One of the highlights in the Queen’s itinerary was the inauguration of the Indo-British Participation and Summit Meeting at Pragati Maidan.
The year 1961 was momentous for many reasons. It marked the year when Soviet cosmonaut Yuri Gagarin became the first human to orbit the earth in his spacecraft. This made Gagarin a household name marked by a triumphal tour of many countries. I remember my school bus driver in Kolkata proudly sporting a Gagarin badge with the picture of the cosmonaut, a memento of his visit to India. It was also my last year in the school before being shunted off to a boarding school near Ooty in the Nilgiris in the following year. The year was also marked by a historic visit by Queen Elizabeth II and Prince Philip to India. As Kolkata was a part of the itinerary, I remember going with a friend to his father’s office in Mission Row to catch a glimpse of the Queen and her consort driving in a motorcade from the airport to the city. It was exciting to watch the Queen from afar and at a distance driving past with outriders as motorcycle escorts with bystanders as cheering spectators. Little did I know then that I would have a more direct and personal encounter with Her Majesty thirty six years later.
The-second visit to India by the Queen and Prince Philip was in 1997. This visit was not without controversy as it was marked by intemperate statements by both Britain and India. Apart from Delhi, the Queen was also to visit Amritsar and Chennai. The visit was a little ill-timed as during the early part of the Queen’s visit, the then Indian Prime Minister I.K. Gujral was away touring Egypt. The Queen’s itinerary was such that she visited Pakistan before India. Robin Cook, the then British foreign secretary stoked a controversy by offering Britain’s role as a mediator between India and Pakistan over Kashmir. This evoked a strong reaction in India with Mr Gujral angrily calling Britain a third rate power. Both were to withdraw their statements later. At Amritsar, the Queen publicly apologized for Jallianwalla Bagh but Philip made a controversial statement that the statistics on the number of victims in the massacre were grossly exaggerated. In the ensuing uproar, which led to a demonstration by descendants of the victims, Philip said he had based his statement on accounts given by General Dyer’s son who had served with him in the Royal Navy. At Delhi, the Queen for her part remarked adversely on the state of cleanliness of the Delhi roads. It was a trying time for David Gore-Booth, the then British high commissioner. The son of the famous Paul Gore-Booth, David, hard-pressed in his job, was to meet Mr Gujral at the airport to prevent his being recalled, which he duly was, a year later.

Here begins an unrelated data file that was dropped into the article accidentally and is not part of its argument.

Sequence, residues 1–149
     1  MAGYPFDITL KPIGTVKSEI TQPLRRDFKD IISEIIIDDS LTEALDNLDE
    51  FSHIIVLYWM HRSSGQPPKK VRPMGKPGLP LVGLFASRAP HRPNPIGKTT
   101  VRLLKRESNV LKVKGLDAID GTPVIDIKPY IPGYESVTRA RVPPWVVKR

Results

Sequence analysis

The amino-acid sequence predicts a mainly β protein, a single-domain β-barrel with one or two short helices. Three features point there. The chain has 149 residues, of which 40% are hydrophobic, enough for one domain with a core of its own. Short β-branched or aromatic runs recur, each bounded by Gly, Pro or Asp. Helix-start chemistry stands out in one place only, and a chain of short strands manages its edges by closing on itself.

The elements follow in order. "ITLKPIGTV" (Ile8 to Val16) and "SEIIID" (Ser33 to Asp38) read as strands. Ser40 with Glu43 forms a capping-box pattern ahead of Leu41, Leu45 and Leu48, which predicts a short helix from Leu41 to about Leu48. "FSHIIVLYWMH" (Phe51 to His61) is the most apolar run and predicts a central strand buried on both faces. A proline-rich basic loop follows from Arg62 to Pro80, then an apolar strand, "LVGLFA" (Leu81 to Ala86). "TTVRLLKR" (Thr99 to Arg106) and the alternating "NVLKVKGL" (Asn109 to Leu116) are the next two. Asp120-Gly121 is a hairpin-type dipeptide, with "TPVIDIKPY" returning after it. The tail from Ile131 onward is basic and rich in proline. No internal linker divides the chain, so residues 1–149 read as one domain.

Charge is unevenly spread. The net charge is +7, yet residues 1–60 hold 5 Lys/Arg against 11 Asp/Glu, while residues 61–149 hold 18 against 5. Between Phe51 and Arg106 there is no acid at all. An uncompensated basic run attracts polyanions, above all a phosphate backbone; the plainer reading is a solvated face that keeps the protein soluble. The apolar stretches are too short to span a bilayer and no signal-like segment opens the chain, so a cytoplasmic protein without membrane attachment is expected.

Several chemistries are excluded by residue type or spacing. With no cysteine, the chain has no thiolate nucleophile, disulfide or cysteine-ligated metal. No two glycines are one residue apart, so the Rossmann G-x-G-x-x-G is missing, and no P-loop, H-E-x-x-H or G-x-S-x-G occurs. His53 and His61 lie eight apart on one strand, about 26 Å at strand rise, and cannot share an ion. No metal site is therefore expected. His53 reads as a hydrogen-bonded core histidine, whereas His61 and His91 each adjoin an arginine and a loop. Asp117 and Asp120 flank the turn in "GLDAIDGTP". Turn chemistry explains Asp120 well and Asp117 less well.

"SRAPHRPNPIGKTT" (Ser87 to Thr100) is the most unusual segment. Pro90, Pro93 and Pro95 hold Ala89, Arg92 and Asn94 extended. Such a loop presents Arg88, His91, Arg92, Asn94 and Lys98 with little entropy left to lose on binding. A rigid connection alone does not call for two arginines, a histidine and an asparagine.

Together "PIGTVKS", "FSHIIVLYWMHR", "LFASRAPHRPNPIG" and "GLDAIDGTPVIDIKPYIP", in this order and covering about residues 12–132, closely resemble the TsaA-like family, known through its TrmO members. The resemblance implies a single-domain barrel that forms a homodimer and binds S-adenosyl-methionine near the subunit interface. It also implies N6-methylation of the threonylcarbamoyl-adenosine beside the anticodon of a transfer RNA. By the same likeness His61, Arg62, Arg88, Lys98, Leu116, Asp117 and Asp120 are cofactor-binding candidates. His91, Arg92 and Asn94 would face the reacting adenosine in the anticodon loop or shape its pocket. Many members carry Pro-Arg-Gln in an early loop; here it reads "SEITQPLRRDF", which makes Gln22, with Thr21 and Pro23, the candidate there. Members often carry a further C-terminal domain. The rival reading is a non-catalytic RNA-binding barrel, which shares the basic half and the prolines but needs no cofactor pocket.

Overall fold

One of the highlights in the Queen’s itinerary was the inauguration of the Indo-British Participation and Summit Meeting at Pragati Maidan. The British Department of Trade and Industry had pulled out all the stops for this meeting. Representatives of all major industries were to attend and they liaised early with their Indian counterpart, the ministry of commerce to ensure full participation from Indian industry. There would be a major exhibition on Indo-British participation and this would be inaugurated by the Queen herself in which she would meet dignitaries. The British Council in England got in touch with its counterpart in India about participation. The then ever enthusiastic book promotion officer in the British Council at Delhi suggested a book exhibition by major representatives of British publishers in India and this was accepted with one proviso. The volume of trade in books between India and England was much too small to warrant space in the Hall of Technology, so the exhibition was housed outside at the rear of the main hall. It was a much smaller world of publishers then and Oxford University Press (OUP), Cambridge University Press (CUP) and Macmillan were the major publishers with stalls with Penguin, Collins and Prentice-Hall being represented by their distributors. I was in OUP then and as the Queen’s presence was an important one, we were all expected to participate in a rehearsal before the d-day.